Richard S. Older

Richard S. Older

Title: Retired School Music Educator
Location: Galloway, New Jersey, United States

Richard S. Older, Retired School Music Educator, has been recognized by Marquis Who’s Who Top Educators for dedication, achievements, and leadership in music education.

Mr. Older was first introduced to music while attending the Suffield Academy, a private, co-ed, secondary preparatory school located in Suffield, Connecticut. There, he was involved with the Glee Club and a summer music school program while on campus, leading him to fall deeply in love with music. Upon his acceptance to Westminster Choir College in Princeton, New Jersey, he earned the opportunity to sing under some of the greatest conductors in the world. In 1971, he obtained a Bachelor of Music Education from the institution. Spending the entirety of his career teaching in Berkeley Heights, New Jersey, he first served Columbia Junior High School as a teacher of eighth grade vocal and general music from 1971 to 1981. He went on to teach vocal and general music at Mountain Park Elementary School for seven years, at William Woodruff Elementary School from 1981 until his retirement and at Thomas P. Hughes Elementary School from 1988 until his retirement. Likewise, Mr. Older also lent his expertise as both a boys’ baseball and girls’ basketball coach at the junior high school level.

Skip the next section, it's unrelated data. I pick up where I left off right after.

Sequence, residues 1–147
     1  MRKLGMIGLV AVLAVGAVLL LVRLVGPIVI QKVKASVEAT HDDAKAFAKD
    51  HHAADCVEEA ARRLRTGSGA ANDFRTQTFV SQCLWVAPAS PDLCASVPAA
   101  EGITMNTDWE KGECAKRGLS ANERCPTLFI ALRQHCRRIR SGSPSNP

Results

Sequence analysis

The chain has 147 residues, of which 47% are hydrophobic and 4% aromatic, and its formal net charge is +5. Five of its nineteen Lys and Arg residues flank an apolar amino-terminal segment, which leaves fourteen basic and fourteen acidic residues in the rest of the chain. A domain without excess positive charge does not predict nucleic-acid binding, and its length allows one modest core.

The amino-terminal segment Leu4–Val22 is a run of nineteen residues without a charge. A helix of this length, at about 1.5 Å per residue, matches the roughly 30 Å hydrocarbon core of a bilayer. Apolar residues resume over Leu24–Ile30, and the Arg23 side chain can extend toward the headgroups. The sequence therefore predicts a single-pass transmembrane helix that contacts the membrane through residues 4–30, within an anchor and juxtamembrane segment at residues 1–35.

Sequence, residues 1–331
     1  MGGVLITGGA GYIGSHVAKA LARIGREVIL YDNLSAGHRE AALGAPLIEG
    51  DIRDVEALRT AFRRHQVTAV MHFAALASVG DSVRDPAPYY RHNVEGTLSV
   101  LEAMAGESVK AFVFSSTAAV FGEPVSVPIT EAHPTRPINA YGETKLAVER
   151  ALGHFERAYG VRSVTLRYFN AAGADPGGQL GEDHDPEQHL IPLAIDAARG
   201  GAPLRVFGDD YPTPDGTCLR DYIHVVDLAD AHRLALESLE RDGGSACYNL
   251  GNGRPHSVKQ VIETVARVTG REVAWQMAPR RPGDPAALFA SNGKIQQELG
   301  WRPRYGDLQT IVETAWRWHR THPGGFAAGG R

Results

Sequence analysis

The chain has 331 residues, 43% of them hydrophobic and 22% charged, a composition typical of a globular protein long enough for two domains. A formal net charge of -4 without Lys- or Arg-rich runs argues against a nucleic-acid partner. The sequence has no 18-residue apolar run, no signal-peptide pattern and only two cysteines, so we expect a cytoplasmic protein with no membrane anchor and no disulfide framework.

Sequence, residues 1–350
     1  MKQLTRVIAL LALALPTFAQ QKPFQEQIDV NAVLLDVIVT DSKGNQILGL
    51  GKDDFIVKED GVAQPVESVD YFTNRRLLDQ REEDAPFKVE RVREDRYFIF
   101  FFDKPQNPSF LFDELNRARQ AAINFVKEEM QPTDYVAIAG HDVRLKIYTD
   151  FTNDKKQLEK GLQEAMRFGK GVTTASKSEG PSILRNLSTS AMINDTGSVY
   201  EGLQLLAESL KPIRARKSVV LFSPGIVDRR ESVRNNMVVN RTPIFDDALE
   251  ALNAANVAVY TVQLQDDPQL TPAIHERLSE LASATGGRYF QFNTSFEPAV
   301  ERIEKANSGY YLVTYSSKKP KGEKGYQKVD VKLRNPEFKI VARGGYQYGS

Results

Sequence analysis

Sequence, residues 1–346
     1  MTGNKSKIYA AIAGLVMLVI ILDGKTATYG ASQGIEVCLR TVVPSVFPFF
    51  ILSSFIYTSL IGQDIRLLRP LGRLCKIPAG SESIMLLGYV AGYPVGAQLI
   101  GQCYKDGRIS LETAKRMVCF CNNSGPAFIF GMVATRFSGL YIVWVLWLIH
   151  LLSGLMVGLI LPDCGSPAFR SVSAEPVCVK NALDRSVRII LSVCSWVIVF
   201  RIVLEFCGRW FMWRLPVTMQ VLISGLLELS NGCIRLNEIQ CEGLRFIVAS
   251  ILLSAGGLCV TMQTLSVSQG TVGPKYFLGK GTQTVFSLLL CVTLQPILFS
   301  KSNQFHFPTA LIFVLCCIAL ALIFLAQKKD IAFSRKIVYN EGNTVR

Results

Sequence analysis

Renowned for his contributions to education, Mr. Older was the recipient of a 20 Years of Service Award from the PTA of William Woodruff Elementary School in 1990. Along with this distinguished achievement, he recalls one of his career highlights was having his choir from William Woodruff sing and perform with the African Children’s Choir in March of 2002 in New York City. A member of Mays Landing Golf Club, Mr. Older enjoys golfing and bowling in his spare time. He served as a member and local representative for the New Jersey Education Association in 1986 and 1987. In his retirement, he remains active as a choir conductor for his local Presbyterian Church. The advice that he can offer to aspiring music educators is to really enjoy all aspects of music, not just one. He adds, it is important to understand all the notes and rhythms in music, not just singing and playing, as there are many musicians who do not know how to write music. To attest to his legacy, Mr. Older can be found in the 51st through 53rd and 56th through 58th editions of Who’s Who in America and the fifth through eighth editions of Who’s Who in American Education.

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Lifetime Achievement Award

Lifetime Achievement 

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